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Catholic Recipe: Speculaas or Speculatius VII


  • 1 cup (2 sticks) sweet butter, at room temperature
  • 2 cups dark brown sugar
  • 2 eggs
  • Grated rind of 1 lemon
  • 2 teaspoons cinnamon
  • 1 teaspoon ground nutmeg or mace
  • 1/2 teaspoon ground cloves
  • 1/8 teaspoon ground ginger
  • 1/8 teaspoon cardamom
  • 1/8 teaspoon salt
  • 4 cups flour
  • 1 teaspoon baking powder
  •  Optional: Icing
  • confectioners' sugar
  • water, egg white or lemon juice
  • food coloring
  • Details

  • Yield: 3 dozen cookies
  • Prep Time: N/A
  • Difficulty: • •
  • Cost: $$$$
  • For Ages: All
  • Origin:

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Also Called: St. Nicholas Cookies; Speculaus; Speculatius; Kris Kringle Cookies; Dutch spice cookies

These cookies, also called Speculatius, Speculaus, and Speculations, are claimed by various countries: they are traditional in Belgium, Holland, and the Rhineland, and are served especially on St. Nicholas Day. They are sometimes cut out into little men or animals; in Holland they are frequently pressed with a windmill motif. But they were also often cut out into the shape of St. Nicholas himself, dressed as a bishop, holding his bishop's staff. 1 have never been able to find such cookie cutters in this country; 1 finally resorted to cutting out St. Nicholas figures myself-and discovered, to my surprise, that it is really very easy to do. The shape is, after all, a simple one. You can also make cookies, with or without cutters, to recall other aspects of Nicholas's life and work: such as the three young girls to whom he threw the three bags of gold or the three little boys whom he brought back to life, or the sailors whom he saved from the storm. Lots of possibilities here.

You might find these delicious gingerbread cookies a nice way to begin your Advent-Christmas baking.


In a large bowl, cream the butter with the sugar until fluffy. Stir in the eggs one at a time, blending thoroughly after each addition. Stir in the lemon rind.

Sift the spices and salt with the flour and baking powder, and stir gradually into the butter mixture. Wrap in waxed paper or plastic wrap and chill for several hours or overnight. (If you are in a hurry, start the chilling process in the freezer: leave the dough in the freezer for about 20 minutes.)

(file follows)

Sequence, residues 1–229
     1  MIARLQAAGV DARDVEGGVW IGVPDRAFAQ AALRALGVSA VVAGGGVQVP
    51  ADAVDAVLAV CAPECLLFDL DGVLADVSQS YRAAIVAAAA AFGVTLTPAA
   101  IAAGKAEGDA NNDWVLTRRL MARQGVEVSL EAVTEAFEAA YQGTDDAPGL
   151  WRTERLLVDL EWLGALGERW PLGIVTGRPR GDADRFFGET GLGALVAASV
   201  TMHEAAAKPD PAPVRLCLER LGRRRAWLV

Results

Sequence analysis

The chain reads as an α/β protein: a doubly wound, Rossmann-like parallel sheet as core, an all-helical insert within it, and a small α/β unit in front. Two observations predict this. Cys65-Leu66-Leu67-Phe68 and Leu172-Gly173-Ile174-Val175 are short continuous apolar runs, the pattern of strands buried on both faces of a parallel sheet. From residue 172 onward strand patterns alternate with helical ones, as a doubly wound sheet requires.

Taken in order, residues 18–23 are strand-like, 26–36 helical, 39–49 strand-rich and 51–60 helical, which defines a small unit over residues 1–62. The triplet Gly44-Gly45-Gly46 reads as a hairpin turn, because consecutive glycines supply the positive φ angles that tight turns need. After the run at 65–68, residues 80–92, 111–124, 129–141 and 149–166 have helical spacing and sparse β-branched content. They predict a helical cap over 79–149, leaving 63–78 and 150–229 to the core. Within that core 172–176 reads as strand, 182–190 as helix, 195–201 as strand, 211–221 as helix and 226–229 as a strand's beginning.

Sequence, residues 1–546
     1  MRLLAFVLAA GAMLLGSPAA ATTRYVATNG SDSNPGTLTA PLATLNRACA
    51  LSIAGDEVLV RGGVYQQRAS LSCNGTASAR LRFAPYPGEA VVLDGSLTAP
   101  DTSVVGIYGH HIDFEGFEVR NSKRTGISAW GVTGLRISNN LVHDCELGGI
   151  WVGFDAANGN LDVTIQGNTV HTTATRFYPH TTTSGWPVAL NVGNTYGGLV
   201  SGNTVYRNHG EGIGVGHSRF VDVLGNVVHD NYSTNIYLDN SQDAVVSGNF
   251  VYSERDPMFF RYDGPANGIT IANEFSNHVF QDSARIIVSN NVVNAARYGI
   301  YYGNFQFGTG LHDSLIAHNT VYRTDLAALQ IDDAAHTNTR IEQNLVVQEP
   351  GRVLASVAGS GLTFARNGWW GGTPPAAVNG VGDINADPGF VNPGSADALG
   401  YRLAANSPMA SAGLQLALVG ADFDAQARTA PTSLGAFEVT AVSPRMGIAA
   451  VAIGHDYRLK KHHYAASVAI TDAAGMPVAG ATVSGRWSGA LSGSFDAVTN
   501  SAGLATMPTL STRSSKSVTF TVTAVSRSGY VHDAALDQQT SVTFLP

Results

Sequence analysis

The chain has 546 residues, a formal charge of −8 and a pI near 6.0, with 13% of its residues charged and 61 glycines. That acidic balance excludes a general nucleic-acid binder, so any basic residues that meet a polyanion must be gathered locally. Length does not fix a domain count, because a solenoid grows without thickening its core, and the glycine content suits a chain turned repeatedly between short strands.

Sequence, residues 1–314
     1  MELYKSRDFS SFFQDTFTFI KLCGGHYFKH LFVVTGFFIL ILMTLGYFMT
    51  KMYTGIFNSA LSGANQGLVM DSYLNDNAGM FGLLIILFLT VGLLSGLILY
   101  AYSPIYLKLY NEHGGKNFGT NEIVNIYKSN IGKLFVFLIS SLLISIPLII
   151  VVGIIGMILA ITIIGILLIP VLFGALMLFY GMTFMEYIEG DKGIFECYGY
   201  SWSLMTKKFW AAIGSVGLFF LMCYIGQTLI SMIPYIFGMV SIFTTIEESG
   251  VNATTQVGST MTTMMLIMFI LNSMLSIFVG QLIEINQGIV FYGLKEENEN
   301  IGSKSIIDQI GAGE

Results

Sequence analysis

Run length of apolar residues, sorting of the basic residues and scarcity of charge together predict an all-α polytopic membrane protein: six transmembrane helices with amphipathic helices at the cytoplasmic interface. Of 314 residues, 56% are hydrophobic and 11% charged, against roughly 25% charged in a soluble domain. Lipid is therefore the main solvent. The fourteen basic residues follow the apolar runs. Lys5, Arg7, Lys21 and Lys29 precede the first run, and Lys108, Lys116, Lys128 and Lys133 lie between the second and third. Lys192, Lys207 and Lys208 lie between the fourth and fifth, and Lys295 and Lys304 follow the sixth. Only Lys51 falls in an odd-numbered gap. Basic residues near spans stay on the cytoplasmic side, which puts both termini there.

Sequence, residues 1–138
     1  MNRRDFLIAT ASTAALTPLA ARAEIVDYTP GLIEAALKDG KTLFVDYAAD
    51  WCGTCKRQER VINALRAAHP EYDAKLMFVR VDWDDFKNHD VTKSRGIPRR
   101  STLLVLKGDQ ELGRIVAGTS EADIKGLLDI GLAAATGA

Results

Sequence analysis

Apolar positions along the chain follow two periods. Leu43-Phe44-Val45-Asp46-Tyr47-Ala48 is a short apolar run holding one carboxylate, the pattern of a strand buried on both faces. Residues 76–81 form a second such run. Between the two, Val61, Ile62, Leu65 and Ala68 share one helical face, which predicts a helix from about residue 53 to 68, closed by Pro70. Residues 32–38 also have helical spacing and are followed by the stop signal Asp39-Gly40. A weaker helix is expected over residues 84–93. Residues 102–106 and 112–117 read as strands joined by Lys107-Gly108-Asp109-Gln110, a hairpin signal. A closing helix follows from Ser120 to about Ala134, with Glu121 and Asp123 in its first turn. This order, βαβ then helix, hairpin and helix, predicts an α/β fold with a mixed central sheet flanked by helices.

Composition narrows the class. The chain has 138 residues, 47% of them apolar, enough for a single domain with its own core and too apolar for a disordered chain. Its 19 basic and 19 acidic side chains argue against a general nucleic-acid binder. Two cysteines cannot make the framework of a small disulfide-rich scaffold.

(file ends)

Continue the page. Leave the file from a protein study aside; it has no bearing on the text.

On a floured surface, roll out the dough to about 1/8 inch. If you are going to make large figures-over about 6 inches--you might roll out the dough a little thicker, to about 1/4 inch: the figures will be less fragile. Cut out with cookie cutters, or with a sharp knife. You can also just cut the dough in squares, if you prefer. This dough can also be used with a cookie mold, or can be molded by hand.

Place the cookies on lightly buttered baking sheets and bake at 350° F. for 10 to 12 minutes, or until set and lightly browned. Large or thick cookies will take somewhat longer. If you like your cookies soft, remove them from the oven when they are just set the longer the baking time, the harder the gingerbread.

Optional: Paint when cool. These cookies--especially when baked in the form of St. Nicholas--are terrific fun to paint with colored icing.


In little pots or plastic containers, mix confectioners' sugar with a little bit of water (or lightly beaten egg white, or lemon juice) and a few drops of food coloring, to produce the desired shades and the desired consistency for painting. Apply with small paintbrushes.

Yield: approximately 3 dozen cookies or fewer large figures

Variations: This recipe makes a fairly mild gingerbread. If you like your gingerbread really spicy, you can increase slightly and proportionately the amounts of all the spices.

This recipe, with a few small additions, can also be used to make Peppernuts.

If cutting the dough into squares, you might like to sprinkle them with slivered almonds; this is traditional and delicious.

You can also press patterns into this dough using Springerle molds.

Recipe Source: Continual Feast, A by Evelyn Birge Vitz, Ignatius Press, San Francisco , 1985
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